Series: The Hennington Brothers #1
It was all he had to do. Instead, he got on that bus and took my heart with him.
That was seventeen years ago.
I moved on. Marriage. Kids. White picket fence. Everything I ever wanted, but my husband betrayed me and I was left once again.
Alone, penniless, and with two boys, I had no choice but to return to Tennessee. He wasn’t supposed to be there. I should’ve been safe. However, fate has a way of stepping in.
This time around, the tables are turned. It’s my decision. Second chances do exist, but I don’t know if we can repair what’s already been broken…
I put my dark brown hair in a side braid, put my boots on, and head downstairs. Wyatt sits at the table with my parents. “Damn, I was hoping I was going to have to drag you out.”
I roll my eyes. “I’m so sorry to disappoint you.”
“There’s always next time.”
“Presley!” my mother gasps. “I raised you better than that.”
If she knew the language that we all used as kids, she’d fall over. “Sorry.”
“You should be.” Wyatt smirks at me. “I’m so disappointed that the city has ruined my sweet friend.”
Now I want to choke him. “Let’s go before I change my mind.”
He laughs and throws his arm over my shoulder. “You can’t say no to me. I know all your games.”
After we have driven a few miles, I realize I have no idea where we’re going. Wyatt doesn’t inform me either, which is typical. I’ve never been good with this, and he damn well knows it. I swear these boys love to torture me—always have. Zach and Trent would thrive on scaring the shit out of me. Wyatt never did that. Instead, he would give me the silent treatment when I wanted to know something, which was equally frustrating.
He turns into the local bar and every part of me locks. “No way!” I yell and try to figure a way out of this. “No. I’m not going in there. You knew. You knew this is the last place in this damn town I would want to be.”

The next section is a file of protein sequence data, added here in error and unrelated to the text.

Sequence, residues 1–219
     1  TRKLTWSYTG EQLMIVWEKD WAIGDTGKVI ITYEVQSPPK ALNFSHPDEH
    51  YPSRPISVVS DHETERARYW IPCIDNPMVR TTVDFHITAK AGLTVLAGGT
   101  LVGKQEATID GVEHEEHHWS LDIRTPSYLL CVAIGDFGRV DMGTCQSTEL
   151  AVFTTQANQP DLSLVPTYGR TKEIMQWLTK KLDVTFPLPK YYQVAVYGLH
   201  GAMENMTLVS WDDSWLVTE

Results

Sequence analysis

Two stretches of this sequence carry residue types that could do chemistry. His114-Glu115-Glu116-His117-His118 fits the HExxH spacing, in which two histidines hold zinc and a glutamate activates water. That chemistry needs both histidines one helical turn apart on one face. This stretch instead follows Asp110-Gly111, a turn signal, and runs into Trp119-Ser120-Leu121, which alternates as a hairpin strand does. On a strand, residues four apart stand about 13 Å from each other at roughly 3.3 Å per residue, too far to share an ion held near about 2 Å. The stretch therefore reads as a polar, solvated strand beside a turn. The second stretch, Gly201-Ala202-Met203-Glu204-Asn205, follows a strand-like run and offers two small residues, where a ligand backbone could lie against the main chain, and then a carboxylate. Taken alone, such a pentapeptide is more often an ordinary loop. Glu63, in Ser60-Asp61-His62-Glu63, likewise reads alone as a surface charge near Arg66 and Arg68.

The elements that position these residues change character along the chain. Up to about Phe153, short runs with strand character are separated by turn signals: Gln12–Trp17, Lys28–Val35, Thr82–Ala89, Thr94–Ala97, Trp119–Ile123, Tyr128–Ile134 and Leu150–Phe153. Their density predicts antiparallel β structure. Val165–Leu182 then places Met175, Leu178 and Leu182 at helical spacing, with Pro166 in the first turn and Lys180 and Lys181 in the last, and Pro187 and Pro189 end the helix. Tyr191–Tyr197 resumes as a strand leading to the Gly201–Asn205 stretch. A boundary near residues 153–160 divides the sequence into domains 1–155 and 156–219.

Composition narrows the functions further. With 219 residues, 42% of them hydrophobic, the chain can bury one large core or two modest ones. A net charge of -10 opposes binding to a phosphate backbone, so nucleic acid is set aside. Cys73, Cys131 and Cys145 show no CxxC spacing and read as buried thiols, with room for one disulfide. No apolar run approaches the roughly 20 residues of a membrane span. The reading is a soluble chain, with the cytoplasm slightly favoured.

“Rip the Band-Aid off.”
“I’m gonna rip something off!” I glare at him.
He shrugs. “Would you rather it be now so they can all stop their bullshit speculating or wait for it to get worse?”
Like I give a shit what they all think. I ball my hands and ignore him.
“We can sit out here and let people talk too. I’m all for steaming up the windows. I have a rep to protect.” Wyatt leans back in the seat and puts his hat over his face.
If I weren’t me and he weren’t him, I wouldn’t mind that either. To let myself get lost in the arms of another for just a moment. To feel not so completely alone. Wyatt always has been hot, and when he flashes that smile, girls fawn over him. But Zach was always where my heart was. We had it all, or so I thought. Zach would walk in a room and every part of me would awaken. He was everything, and I was everything to him. Our souls touched when we were around each other. I couldn’t see anything but him, which put a damper on any chance Wyatt ever had.
“Fine,” I finally say as the windows start to fog. “Let’s go.”
He grabs my hand. “I’m with you the whole time. But I think you’ll be fine.”